Dr. Hopkins is working to unlock the history of the evolution of animals over vast stretches of geologic time. For her, the key is trilobites—extinct arthropods that lived for almost 300 million years until 250 million years ago, when Earth experienced the largest mass extinction in its history. Her research takes her out into the field but also into the Museum’s collections, which include an estimated 400,000 specimens and where new discoveries wait to be made.
Tomorrow night the Museum is hosting its first ever grown-up sleepover. The event sold out in less than a day, but you can still join in the fun! Just follow us on Instagram or Twitter @amnh for live updates, and see what a real night at the museum looks like: http://instagram.com/amnh
Part of the Museum’s Lantern Slide Collection, “Mrs. Burns showing horned toad to class, Nature Room, American Museum of Natural History” was photographed in 1928.
To expand the Museum’s educational mission beyond its walls, a lantern slide lending library was created and formed the basis of the Natural Science Study Collections which the Museum delivered to New York schools.
In 1869, the year the Museum was incorporated, the Trustees turned to the critical task of building its collections. Within a few months, they sent Daniel Giraud Elliot, a noted ornithologist and naturalist, and Museum Trustee William T. Blodgett to negotiate the purchase of “certain collections of specimens in Natural History” in Europe.
Elliot and Blodgett ultimately purchased the collection of Prince Maximilian zu Wied (1782–1867), an explorer from the German principality of Wied-Neuwied. Prince Maximilian’s collection “is regarded as one of the most important private collections in Europe, and has long been consulted by the scientific world,” wrote Blodgett in his report. It was a fantastic opportunity for the nascent Museum to acquire specimens that would form the nucleus of its holdings.
The value of the Maximilian collection lay largely in its diversity and the rarity of its specimens, containing 4,000 mounted birds, 600 mounted mammals, and about 2,000 fishes and reptiles, either mounted or in alcohol. Researchers at the Museum still study these today.
Dunkleosteusterrelli boasted a 20-foot-long body covered with bony plates of armor. Fossil records indicate that this huge fish, one of the first large jawed vertebrates in the ocean, was an aggressive predator.
The razor-sharp edges of bones in this animal’s jaws served as cutters. As they rubbed against each other, the opposing jaw blades acted like self-sharpening shears. These bones continued to grow as they were worn down by use.
Dimetrodon was one of the earliest relatives of mammals. The large “sail” on its back may have been used for temperature regulation, to attract mates, or to frighten off other animals.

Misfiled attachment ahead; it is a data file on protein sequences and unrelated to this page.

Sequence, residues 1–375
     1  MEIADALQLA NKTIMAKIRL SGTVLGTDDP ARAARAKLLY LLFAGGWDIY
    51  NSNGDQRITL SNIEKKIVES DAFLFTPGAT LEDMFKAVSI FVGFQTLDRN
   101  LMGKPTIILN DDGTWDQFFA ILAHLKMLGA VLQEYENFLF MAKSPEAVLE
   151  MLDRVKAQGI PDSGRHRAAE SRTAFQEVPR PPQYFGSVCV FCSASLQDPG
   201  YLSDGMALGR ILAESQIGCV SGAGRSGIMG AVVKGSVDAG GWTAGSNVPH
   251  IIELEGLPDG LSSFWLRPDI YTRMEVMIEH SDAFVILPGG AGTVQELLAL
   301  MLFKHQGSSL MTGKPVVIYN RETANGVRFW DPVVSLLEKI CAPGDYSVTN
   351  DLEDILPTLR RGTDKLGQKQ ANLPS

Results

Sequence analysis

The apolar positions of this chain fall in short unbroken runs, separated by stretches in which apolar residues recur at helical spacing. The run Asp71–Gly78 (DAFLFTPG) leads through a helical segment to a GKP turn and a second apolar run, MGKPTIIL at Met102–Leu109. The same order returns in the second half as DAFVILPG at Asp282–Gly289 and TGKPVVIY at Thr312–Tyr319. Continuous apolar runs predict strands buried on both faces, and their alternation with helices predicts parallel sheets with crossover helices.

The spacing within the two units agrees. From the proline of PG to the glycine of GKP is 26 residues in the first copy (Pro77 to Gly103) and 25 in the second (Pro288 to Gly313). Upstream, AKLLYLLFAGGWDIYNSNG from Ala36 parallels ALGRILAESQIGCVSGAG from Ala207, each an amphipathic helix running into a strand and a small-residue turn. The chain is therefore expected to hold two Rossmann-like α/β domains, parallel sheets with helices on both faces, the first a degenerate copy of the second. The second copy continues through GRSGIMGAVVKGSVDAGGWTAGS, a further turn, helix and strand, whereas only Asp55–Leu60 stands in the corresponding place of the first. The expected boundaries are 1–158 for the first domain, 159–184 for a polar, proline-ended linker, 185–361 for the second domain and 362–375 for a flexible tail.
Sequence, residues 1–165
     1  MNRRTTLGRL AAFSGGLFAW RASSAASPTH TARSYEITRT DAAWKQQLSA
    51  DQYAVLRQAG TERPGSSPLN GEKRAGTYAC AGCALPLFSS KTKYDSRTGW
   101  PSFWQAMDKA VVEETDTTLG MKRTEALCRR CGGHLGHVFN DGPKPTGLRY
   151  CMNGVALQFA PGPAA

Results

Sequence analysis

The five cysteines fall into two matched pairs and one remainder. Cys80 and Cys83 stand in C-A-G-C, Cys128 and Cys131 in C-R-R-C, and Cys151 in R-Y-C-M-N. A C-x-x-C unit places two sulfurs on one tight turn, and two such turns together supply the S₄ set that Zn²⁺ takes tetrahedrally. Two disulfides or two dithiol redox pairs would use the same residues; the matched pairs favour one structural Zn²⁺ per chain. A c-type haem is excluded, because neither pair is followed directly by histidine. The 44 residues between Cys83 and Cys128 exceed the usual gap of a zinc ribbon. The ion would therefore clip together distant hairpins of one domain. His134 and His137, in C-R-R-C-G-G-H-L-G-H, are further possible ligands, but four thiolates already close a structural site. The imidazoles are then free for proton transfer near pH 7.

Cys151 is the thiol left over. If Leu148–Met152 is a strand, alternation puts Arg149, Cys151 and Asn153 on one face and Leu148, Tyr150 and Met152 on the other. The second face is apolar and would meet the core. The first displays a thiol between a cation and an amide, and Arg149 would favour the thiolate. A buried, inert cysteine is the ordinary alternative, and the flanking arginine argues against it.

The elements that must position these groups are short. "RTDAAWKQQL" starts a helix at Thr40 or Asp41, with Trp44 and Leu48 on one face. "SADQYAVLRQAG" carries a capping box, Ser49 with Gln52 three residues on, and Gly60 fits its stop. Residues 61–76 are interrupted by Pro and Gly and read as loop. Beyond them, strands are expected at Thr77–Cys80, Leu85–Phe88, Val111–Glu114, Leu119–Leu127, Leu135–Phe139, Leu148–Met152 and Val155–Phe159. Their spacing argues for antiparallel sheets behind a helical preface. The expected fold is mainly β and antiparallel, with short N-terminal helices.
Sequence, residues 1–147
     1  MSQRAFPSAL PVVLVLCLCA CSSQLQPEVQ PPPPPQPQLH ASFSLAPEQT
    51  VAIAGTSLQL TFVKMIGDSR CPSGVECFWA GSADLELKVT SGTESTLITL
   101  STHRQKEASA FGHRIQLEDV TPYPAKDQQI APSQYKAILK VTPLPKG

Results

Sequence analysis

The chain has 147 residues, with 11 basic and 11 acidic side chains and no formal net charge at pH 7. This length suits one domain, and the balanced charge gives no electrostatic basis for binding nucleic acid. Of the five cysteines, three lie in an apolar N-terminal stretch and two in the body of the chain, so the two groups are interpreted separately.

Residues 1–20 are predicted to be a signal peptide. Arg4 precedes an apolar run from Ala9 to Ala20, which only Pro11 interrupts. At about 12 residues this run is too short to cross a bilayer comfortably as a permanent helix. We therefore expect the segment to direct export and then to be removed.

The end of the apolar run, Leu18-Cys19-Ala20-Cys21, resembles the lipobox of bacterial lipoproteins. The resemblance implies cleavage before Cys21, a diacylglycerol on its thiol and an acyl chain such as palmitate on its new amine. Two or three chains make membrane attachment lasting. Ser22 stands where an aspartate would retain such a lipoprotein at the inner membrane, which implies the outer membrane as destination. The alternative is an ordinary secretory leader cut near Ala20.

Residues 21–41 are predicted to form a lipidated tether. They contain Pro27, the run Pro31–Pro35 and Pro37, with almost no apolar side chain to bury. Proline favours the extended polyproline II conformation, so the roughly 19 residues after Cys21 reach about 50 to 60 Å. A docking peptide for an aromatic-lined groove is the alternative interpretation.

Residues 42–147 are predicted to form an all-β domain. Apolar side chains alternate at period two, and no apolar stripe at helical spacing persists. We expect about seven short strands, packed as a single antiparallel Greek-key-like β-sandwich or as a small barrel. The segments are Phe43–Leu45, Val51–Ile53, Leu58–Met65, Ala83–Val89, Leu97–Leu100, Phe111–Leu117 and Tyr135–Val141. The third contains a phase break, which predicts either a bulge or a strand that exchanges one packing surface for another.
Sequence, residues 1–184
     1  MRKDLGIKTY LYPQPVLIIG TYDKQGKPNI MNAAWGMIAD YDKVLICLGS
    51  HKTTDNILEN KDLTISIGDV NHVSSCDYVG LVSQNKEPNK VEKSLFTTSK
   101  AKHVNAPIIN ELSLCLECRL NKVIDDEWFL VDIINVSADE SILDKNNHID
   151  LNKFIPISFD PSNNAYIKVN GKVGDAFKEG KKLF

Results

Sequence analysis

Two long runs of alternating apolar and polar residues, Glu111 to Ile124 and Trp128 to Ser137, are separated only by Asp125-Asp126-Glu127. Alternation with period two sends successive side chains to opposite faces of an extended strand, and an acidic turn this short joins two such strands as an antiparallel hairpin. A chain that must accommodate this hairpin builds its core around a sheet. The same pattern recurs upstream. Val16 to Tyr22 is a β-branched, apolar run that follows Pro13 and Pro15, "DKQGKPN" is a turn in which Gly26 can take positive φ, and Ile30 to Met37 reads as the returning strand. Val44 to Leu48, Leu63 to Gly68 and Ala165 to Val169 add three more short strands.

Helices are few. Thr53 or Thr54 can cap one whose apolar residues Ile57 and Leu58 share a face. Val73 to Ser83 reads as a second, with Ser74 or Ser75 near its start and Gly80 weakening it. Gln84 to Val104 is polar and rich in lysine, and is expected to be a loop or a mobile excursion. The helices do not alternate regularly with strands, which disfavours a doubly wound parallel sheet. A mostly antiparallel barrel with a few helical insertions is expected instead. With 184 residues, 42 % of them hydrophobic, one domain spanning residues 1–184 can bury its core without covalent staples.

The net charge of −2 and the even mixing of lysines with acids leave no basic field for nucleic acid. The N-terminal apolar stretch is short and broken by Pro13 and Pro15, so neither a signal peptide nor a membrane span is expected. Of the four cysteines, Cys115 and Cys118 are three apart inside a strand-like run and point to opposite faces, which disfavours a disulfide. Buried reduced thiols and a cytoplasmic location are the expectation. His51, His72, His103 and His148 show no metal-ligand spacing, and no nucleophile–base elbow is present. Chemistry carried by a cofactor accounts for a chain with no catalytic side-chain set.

Dimetrodon is a member of a group called synapsids. Behind the eye socket in its skull is the synapsid opening. Its function is uncertain, but it may have been a passage for jaw muscles that helped Dimetrodon and other synapsids chew.
Congratulations to Mordecai-Mark Mac Low, a curator in the American Museum of Natural History’s Department of Astrophysics, on receiving a Humboldt Research Prize!
Mac Low is a leading expert on the formation of planets, stars, and galaxies, and of the structure of interstellar gas. Working with students and colleagues, the astrophysicist runs supercomputer simulations at multiple physical scales to attack the question of why stars form from interstellar gas in some parts of galaxies but not others.
Each year, the Museum’s blue whale model gets spruced up, and this year we live streamed the festivities! In case you missed our live #WhaleWash event on Monday, watch this unadulterated hour of extreme vacuuming, and pop-up whale facts.
Ernst Haeckel in his work Kunstformen der Natur (1899-1904), grouped together these specimens, including trilobites (which are extinct) and horseshoe crabs, so the viewer could clearly see similarities that point to the evolutionary process.
This flag, which hangs on the Museum’s 4th floor, is a veteran of the Museum’s 1920s Central Asiatic Expeditions to the Gobi Desert, where important finds included numerous fossils of ancient reptiles, and the first discovery of dinosaur eggs. Expedition leader Roy Chapman Andrews introduced motor vehicles for the long hauls across the desert, and the flag was placed on the lead truck. Its tattered condition resulted from a fierce sandstorm.
Since 1990, new expeditions to the Gobi by the Museum with the Mongolian Academy of Sciences have made further important scientific finds, most notably a fossil embryo preserved in a dinosaur egg. The Andrews flag can be taken as a symbol not only of the Museum’s return to the Gobi but of its pioneering expeditions to the many places explored during its 145-year efforts to broaden scientific knowledge.
Found in 1873 near Solnhofen, Germany, this was the first fossil to show the complete wings of a pterosaur. Unearthed from a bed of limestone, this remarkably well-preserved skeleton belonged to Rhamphorhynchus muensteri, a long-tailed, dagger-toothed pterosaur from the Late Jurassic. The fine sediment fossilized not just the bones, but the tissues that formed the wing surface. The animal’s wings were partly folded, forming wrinkles that can still be seen.